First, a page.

1911–98, American Western film star, b. Cincinnati, Ohio, as Leonard Franklin Slye. The guitar-strumming Rogers succeeded Gene Autry
as America's favorite singing cowboy in movies of the mid-1940s. An ex–fruit picker and cowpuncher, he and his brother performed on the radio during the 1930s. Rogers was a founder (1934) of the Sons of the Pioneers, a singing trio that began appearing in movies in 1935. His first starring role came three years later. In 1947, Rogers, by then the
king of the cowboys,
married Dale Evans,
1912–2001, b. Uvalde, Tex., as Frances Octavia Smith. Together, they sang, rode, and acted in dozens of B movies, usually accompanied by their bearded sidekick George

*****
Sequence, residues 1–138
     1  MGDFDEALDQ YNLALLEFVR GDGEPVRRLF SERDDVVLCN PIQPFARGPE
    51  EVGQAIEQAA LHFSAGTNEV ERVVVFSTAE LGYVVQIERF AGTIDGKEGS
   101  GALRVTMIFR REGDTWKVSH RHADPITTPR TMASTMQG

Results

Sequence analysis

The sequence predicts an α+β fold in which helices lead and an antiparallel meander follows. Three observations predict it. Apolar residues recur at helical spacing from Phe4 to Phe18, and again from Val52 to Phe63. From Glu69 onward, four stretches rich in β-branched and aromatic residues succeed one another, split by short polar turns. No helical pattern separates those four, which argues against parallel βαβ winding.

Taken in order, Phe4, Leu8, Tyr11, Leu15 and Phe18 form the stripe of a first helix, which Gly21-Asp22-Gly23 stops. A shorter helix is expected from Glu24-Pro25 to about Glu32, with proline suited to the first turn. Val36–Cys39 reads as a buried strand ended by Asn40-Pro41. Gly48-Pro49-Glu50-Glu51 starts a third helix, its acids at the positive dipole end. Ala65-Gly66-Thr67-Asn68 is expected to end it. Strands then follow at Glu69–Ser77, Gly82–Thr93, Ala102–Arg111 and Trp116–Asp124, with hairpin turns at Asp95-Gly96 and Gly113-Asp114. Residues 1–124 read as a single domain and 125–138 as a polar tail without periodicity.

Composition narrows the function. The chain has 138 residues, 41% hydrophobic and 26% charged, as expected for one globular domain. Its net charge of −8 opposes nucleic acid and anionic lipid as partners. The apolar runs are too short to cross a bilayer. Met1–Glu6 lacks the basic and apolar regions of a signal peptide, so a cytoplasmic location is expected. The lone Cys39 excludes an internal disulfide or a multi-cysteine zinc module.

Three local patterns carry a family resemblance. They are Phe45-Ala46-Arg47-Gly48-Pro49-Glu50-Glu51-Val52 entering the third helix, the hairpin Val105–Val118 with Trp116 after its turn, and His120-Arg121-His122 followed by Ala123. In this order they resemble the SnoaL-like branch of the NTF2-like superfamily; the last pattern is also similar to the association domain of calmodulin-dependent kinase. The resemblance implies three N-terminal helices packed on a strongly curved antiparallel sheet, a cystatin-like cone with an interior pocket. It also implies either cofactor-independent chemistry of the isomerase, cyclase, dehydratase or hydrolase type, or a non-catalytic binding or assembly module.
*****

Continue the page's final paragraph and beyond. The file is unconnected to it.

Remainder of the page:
Hayes and Roy's palomino horse Trigger. The couple also starred (1951–57) in television's Roy Rogers Show
and hosted (1962–63) a variety program. The Roy Rogers–Dale Evans Museum, which displays their memorabilia, is in Branson, Mo.
See R. Rogers and D. Evans, Happy Trails (1979, repr. 1995); biography by R. W. Phillips (1995); D. Rothel, The Roy Rogers Book (1987).
The Columbia Electronic Encyclopedia, 6th ed. Copyright © 2023, Columbia University Press. All rights reserved.
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